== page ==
The First Word from the Cross, Forgiveness:
Luke 23:34: Father, forgive them, for they know not what they do.
It is not surprising that Jesus’ first Word on the Cross is a prayer addressed to God. More striking is the fact that it is a prayer on behalf of those who have put him there. In a truly remarkable way this simple sentence, uttered in this context, perfectly integrates the two ‘great’ commandments – love God and love your neighbour. In the midst of intense humiliation, extreme pain and the prospect of death, Jesus turns to God in love for his ‘neighbours’. The ‘neighbours’ for whom he prays on this occasion are those who have humiliated and tortured him, so his words recall the question that prompts the story of the Good Samaritan -- Who is my neighbour? -- and thereby signals the rejection of those limits that the category of ‘neighbour’ so easily implies. In the light of the Cross, we come to see that the command to love my neighbour, and the seemingly far more demanding command to love my enemies, in the end amount to the same thing. Thus the first word from the Cross exemplifies the attitude Jesus has all this time been urging on his followers.
This simple sentence, however, leaves us with two questions. Who exactly is ‘them’ for whom forgiveness is sought, and in what sense do ‘they’ not know what they are doing? The answer to the first question directs our attention beyond the relatively small number of people who arrested, condemned, tortured Jesus, and nailed him to the Cross. It includes the people in the crowd, both those who shouted “Crucify him” and those who stood in silence near the Cross. Perhaps it even includes the people whom one of the Gospels describes as ‘also present, watching from a distance’. Since few of us are prone to violence and physical cruelty, it is these people, on the periphery of the event, with whom we can more easily identify. And indeed, truth be told, probably most of the things about which we feel guilty, embarrassed or ashamed are not actions and events that we have instigated, but occasions on which we have merely been silent or complicit. The uncharitable thought that sides with the strong against the weak, the truth that goes unsaid for fear of rejection or rebuke, the helping hand that it is too inconvenient to offer, these all put us in the category of the Levite rather than the robbers on the road from Jerusalem to Jericho. The traditional form of confession in the Prayer Book reflects this when it places confessing ‘what we have left undone’ ahead of ‘what we have done’.
This still leaves us with the second question. In what sense did the instigators, agents, supporters and passive witnesses of the Crucifixion not know what they were doing? Did they not feel the hatred, contempt or fear that motivated them? Didn’t they see blood flowing from the lashes and the thorns? Didn’t they hear the nails smashing through bone? Of course they did! So what is it they didn’t know? The answer is, they didn’t know the true significance of what they were doing and seeing. They saw these as necessary steps in preventing a destructive rebellion, or in defending Judaism, or as merely going along with what everybody thought. But unbeknownst to them, this Crucifixion was not simply one more instance, among many, of extreme brutality in a brutal world. It was an attack upon the sacred, upon the holy of holies. It was the epicentre of an age-old struggle between good and evil.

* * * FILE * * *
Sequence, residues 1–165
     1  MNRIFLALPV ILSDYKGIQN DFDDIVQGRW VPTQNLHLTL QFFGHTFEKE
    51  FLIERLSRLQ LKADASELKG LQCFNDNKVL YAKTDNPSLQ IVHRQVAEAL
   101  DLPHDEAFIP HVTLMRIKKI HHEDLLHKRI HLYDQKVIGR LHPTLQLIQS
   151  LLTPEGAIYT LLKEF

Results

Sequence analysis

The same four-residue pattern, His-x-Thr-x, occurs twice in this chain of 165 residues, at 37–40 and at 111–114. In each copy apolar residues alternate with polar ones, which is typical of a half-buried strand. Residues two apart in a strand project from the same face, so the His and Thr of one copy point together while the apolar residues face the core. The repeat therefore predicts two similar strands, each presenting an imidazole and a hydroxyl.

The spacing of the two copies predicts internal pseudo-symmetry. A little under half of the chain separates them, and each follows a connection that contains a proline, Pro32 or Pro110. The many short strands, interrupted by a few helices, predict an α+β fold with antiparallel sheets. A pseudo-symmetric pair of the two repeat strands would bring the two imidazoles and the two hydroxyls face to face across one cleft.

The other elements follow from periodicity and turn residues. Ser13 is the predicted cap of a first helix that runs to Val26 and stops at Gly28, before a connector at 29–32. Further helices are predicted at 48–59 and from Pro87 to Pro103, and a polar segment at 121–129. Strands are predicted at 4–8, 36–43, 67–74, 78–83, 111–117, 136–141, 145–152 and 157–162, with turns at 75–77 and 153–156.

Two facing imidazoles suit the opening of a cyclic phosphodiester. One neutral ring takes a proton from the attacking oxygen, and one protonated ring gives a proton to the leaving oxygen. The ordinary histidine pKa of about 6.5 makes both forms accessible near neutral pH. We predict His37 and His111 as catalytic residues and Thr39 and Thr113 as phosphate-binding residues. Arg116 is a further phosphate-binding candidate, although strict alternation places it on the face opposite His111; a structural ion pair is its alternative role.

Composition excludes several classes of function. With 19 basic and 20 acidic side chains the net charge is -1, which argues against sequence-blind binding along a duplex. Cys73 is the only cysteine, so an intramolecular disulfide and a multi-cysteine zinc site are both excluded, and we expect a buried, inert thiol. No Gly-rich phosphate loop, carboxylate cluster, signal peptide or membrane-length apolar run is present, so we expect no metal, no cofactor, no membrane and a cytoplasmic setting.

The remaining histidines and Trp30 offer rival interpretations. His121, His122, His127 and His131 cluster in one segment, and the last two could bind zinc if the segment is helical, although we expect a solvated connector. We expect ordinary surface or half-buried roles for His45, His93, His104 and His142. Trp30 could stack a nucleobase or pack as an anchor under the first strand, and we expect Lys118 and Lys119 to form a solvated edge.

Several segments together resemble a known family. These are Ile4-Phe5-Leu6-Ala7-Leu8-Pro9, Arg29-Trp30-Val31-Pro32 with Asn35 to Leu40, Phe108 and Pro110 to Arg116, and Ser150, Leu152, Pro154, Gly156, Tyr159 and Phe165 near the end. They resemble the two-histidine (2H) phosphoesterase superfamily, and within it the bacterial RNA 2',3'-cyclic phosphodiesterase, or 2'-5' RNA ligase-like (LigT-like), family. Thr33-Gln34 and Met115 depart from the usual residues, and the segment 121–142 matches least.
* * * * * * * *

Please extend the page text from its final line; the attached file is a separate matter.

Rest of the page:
Could they have known this? Not Pilate, not the Roman soldiers certainly, not the crowd. Perhaps the better educated Jews could have been expected to see and hear the resonances between Jesus and Isaiah’s ‘suffering servant’, and so have some dim awareness of who Jesus really was. Yet even the disciples, who had been with him throughout his ministry, didn’t see this, and fled in fear. It was only with hindsight, after the event, in the wake of the Resurrection that those involved could know what they had done. At that point, of course, they had done it. All there could be then, was forgiveness.
So it remains, and often is for us. Take the present crisis. Political leaders, government officials, and the general public alike do not really know what they are doing. Necessarily, they have to rely on surmise, prediction, instinct, cooperation. Measures put in place to contain the spread of disease will undoubtedly result in considerable damage to lives and livelihoods. Possibly this is for the best, possibly not. If ever we know, it can only be with hindsight. It may be that, despite the best intentions, we all prove to have been agents of, and complicit in, immense but ultimately unnecessary suffering and loss, with repercussions that resonate for decades, and greatly exceed any risk they may have served to reduce. Jesus’ first Word from the Cross, then, invites us to acknowledge this. For all the differences between the world of the New Testament and ours, we are not so far from the biblical characters it is easy to condemn.
Given we know, as they did not, the significance of the Crucifixion, there ought to be this difference, though. They did not think they needed the forgiveness Jesus asked for them. If we are honest, we know that, however ‘right’ our course of action may feel, forgiveness may be just what we will come to need when it is too late to undo what we have done. Yet we also know that at that point, Jesus will plead for us too.
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